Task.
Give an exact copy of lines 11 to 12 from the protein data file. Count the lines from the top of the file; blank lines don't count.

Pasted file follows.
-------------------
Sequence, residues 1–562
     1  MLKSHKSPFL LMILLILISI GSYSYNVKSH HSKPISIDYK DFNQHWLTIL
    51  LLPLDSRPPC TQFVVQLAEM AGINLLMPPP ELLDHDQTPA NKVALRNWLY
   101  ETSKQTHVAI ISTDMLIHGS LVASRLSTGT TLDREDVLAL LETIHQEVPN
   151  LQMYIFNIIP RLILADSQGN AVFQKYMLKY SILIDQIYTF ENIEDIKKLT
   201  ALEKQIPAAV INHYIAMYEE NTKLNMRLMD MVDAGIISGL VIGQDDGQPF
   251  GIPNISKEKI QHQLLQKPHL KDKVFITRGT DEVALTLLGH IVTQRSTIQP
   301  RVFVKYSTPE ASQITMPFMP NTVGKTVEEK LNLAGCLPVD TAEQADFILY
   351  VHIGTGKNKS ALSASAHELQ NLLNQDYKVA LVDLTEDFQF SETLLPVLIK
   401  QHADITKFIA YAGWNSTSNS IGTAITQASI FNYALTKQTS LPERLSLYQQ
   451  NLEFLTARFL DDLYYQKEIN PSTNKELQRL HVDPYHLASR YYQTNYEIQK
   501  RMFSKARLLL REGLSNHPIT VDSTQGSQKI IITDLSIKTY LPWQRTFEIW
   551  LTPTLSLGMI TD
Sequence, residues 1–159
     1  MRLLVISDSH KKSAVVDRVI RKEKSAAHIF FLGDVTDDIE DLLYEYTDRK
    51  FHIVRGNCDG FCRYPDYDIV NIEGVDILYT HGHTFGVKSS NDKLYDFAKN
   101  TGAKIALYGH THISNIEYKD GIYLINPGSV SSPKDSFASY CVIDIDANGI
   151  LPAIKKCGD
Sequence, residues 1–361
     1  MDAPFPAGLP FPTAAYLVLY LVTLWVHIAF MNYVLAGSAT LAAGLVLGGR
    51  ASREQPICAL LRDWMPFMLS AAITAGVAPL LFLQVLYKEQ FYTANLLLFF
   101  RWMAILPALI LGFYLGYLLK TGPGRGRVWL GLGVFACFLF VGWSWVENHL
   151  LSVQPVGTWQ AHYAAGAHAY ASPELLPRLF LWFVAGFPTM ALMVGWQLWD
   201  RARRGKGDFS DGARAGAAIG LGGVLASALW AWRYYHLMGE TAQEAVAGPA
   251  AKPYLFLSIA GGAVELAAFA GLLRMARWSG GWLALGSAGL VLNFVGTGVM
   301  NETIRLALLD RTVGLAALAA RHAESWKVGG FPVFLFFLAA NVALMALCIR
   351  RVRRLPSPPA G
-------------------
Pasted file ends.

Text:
   451  NLEFLTARFL DDLYYQKEIN PSTNKELQRL HVDPYHLASR YYQTNYEIQK
   501  RMFSKARLLL REGLSNHPIT VDSTQGSQKI IITDLSIKTY LPWQRTFEIW